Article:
Salman Rushdie’s life story would make for a cracking read even if he, a man knighted for his services to literature, hadn’t been the one to pen it. This is a life that has included writing some of the English language’s finest novels, dating models, being sentenced to death by the Ayatollah, and narrowly escaping being named after a fish.
But Joseph Anton, the story of Rushdie’s life, was in fact penned by Rushdie himself. It’s also out now in paperback, which is why he’ll speak and sign books this Thursday at 7:30 p.m. at the Miami Dade College Chapman Conference Center (245 NE Fourth St., Miami).
Much of what Joseph Anton covers is the period of nearly a decade after that rascally Ayatollah placed a fatwa on Rushdie and commanded his followers to find and kill him. His crime was purported blasphemy against Islam in passages in his novel The Satanic Verses, and the fatwa meant Rushdie and his family had to go into hiding and maintain a constant security detail. Yeah, sure, he popped up onstage during a U2 concert in London, but no one could really be sure he wasn’t one of those guys in the band who isn’t Bono or the Edge. Rushdie also assumed the name “Joseph Anton” while living underground during the global manhunt led by Iran. Don’t worry, though — things eventually worked out for Rushdie, unless it turns out the Rushdie we think we know is an impostor stooge from Tehran. It could be worth asking about during the Q&A.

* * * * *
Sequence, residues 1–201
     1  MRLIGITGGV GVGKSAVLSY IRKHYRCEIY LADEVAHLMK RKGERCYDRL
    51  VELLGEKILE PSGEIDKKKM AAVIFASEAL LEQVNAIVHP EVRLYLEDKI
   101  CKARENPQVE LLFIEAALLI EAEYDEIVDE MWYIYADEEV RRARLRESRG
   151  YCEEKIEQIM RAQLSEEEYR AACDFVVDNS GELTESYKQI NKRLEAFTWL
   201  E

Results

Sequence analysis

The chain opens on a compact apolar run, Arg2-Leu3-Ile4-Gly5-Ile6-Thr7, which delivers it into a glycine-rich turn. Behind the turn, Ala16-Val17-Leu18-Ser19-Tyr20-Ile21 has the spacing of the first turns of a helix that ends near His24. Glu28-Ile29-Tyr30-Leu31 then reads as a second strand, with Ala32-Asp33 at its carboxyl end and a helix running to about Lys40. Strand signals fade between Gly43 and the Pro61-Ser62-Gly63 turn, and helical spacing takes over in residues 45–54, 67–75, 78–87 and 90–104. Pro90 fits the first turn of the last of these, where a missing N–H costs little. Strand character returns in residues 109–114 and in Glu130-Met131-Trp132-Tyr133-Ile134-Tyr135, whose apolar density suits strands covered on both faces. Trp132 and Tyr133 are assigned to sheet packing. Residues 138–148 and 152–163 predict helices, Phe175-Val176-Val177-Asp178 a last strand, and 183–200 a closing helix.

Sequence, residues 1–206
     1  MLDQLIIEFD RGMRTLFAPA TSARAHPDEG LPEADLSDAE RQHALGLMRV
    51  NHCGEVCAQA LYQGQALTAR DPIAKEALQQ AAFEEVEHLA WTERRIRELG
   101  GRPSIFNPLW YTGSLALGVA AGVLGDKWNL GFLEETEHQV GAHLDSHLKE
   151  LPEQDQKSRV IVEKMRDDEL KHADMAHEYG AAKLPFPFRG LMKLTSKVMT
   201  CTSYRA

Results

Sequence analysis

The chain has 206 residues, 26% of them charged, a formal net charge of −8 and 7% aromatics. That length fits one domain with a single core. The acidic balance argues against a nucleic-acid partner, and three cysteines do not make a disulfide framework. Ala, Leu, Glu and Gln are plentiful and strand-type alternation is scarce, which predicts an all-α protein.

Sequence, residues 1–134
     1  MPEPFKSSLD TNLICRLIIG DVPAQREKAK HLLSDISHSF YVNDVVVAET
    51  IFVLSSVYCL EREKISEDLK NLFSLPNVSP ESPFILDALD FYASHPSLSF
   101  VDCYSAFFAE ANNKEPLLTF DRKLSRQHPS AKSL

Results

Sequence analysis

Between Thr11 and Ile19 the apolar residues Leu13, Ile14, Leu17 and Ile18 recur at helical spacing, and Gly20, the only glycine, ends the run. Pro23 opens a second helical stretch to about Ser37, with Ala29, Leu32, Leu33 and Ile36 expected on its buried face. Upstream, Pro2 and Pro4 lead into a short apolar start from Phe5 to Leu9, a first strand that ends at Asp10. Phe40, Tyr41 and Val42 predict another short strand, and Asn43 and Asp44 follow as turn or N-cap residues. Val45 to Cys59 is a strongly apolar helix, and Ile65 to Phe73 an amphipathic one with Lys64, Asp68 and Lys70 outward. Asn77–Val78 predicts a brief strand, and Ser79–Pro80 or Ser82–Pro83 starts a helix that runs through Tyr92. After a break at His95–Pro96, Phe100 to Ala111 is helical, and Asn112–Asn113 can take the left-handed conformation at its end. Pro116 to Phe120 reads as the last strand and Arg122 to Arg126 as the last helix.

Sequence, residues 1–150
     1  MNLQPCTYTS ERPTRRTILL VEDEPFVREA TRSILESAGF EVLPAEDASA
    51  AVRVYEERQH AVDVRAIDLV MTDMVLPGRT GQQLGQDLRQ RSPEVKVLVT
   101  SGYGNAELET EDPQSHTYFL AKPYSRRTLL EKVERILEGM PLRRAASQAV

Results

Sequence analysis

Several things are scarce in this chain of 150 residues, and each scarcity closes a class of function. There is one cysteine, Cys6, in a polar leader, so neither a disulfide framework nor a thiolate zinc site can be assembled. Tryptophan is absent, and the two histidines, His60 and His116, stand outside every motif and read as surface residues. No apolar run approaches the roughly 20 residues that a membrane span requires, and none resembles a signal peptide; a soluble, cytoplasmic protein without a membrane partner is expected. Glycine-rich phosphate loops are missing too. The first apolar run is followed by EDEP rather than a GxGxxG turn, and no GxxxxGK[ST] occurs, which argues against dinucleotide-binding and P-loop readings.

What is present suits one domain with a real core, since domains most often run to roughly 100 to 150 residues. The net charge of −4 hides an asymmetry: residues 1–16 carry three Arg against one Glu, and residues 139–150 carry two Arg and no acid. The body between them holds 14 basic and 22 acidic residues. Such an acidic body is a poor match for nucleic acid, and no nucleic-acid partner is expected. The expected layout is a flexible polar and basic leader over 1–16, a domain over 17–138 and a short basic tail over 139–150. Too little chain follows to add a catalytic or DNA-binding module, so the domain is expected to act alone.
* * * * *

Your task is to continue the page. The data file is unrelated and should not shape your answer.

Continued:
It’s a strange, harrowing, and hopeful memoir written in an unconventional way. Therefore, it’s not surprising that rather than just read and do a Q&A — and maybe to avoid the impostor question — Rushdie will be in conversation with Books & Books founder Mitchell Kaplan, a man without whom most Miamians would be doomed to fatal illiteracy, their skeletons heaped in front of automatic sliding doors marked “Exit Only.”
Thu., Sept. 26, 7:30 p.m., 2013